How the Hemp Harvest Works
One might think that the hemp harvest is the same as any other agricultural product; you plant it, grow it, and harvest it. Due to the tangled legal history of hemp and its many uses, the hemp harvest is not so straightforward.
The History of Growing Hemp
In North America, the first hemp harvest was in 1606, after it was planted by French botanist Louis Hebert in Port Royal, Acadia (present-day Nova Scotia). It was an important crop for both food and textiles as North America developed, and the Declaration of Independence was actually written on hemp-paper.
After World War II ended, the demand for hemp waned. Then, in 1970, the Comprehensive Drug Abuse and Prevention and Control Act was put in place, with a zero-tolerance for THC. This effectively abolished any remaining hemp industry. It wasn’t until 1998 that the hemp harvest became legal again (in Canada), and the industry was reborn.
The United States followed Canada’s lead with the Farm Bill of 2014, which defined hemp as a separate crop than cannabis, finally allowing research and pilot programs to begin. In 2018, an amendment was made, which removed hemp from the controlled substances act, finally legalizing hemp farming in the United States.
The Hemp Harvest Today
As a diverse agricultural product, hemp is a renewable source of raw materials that can literally be used in thousands of ways. As early as 1938, the magazine Popular Mechanics estimated that there were over 25,000 uses for hemp! Today, paper, textiles, food, fuel, and even beauty products are common products made out of hemp. Here at Paradise Purities, we are most interested in its wellness properties, in the form of CBD.
The exact method of farming hemp will depend both on the plants’ final destination, and how quickly local CBD laws and farming knowledge keep up with one another. As life-long farmer Joseph Sisk says, “Everybody wants to know how to farm hemp, but they don’t realize that everyone already growing hemp does it differently.”
The Hemp Growing Cycle
Hemp is very well-suited for most North-American locations, other than “extreme desert conditions and high mountain areas”. It likes warm weather, well-drained soil, and nutrient-dense soil – like so many other traditional crops.
Hemp is generally an easy-to-grow crop since it likes to be directly sown towards the end of Spring. There is no replanting or crop-covering needed. While hemp is usually drought-tolerant, the late-spring planting usually ensures there is enough rainfall during the first six weeks of growth.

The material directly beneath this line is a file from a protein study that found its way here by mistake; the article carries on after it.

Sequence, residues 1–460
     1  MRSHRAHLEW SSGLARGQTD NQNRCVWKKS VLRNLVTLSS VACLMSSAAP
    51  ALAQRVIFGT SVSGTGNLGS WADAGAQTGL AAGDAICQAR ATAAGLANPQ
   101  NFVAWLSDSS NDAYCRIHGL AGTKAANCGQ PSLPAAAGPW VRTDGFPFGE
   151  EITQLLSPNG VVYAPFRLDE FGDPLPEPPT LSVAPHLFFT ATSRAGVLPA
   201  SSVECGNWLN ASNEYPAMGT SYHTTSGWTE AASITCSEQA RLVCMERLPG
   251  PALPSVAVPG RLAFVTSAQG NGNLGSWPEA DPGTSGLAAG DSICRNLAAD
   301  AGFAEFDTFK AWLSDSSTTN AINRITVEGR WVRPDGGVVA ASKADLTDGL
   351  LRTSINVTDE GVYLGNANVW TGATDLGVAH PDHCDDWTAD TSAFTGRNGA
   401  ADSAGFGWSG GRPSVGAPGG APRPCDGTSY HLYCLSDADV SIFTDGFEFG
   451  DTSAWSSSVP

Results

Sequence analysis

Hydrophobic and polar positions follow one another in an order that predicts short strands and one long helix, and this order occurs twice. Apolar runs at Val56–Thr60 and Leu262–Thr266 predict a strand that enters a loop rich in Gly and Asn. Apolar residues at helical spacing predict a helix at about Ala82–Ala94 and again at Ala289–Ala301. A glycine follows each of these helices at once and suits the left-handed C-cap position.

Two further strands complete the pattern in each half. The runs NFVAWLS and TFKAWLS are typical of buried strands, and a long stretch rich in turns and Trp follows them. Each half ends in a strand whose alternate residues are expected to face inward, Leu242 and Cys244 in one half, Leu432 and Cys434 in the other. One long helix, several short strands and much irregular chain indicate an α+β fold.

Depending on the type of plant, hemp is ready to harvest 100 to 120 days after the seeds were planted; this is usually late September to early October. Harvesting is then generally done by a combine.
Growing Hemp for Seed
Hemp seed is nutrient-dense and can be found in any natural health food store. It is becoming more mainstream, due to its many health benefits. It is a complete plant-protein (contains all 10 essential amino-acid), and is also high in omega-3, omega-6, and is easy to digest.
When growing hemp for seed, farmers need to be careful in handling and transportation, as these plants tend to be thin-walled, and can be fragile.
Growing Hemp for Fiber
Hemp fiber is extremely versatile and may be the easiest to farm. “However, since fiber varieties are typically grown for industrial uses, farmers need an infrastructure to support the development process, large scale harvesting, and transportation.” This type of hemp produces a LOT of product, so proximity to processing will be a determining factor in a farmer’s success.
Growing Hemp for CBD
The exploding interest in CBD products might suggest that growing hemp for CBD is the smart choice. While CBD is the “most lucrative of the varieties, (it) can present regulatory challenges depending on the end-use products being produced from the raw hemp crop.” It is also the most labor-intensive of the three.
Only female plants can be grown, their planting density must be lower, and no chemicals can be used once the plants start to grow. This is in addition to the knowledge needed to maximize CBD without exceeding legal THC levels. CBD hemp crops take an immense amount of knowledge and care. It can be a gamble, especially when the market is still developing.
A Farmer’s Intuition
Hemp may have been around for centuries, but there were fifty-or-so years that it wasn’t allowed to be farmed in North America. During that time, farming methods and the markets for hemp have changed, and laws are still catching up. A successful hemp harvest requires a knowledgeable farmer. On top of that, to profit from hemp farming requires a smart farmer. Without a doubt, there is a world of opportunity available in hemp farming for the right person.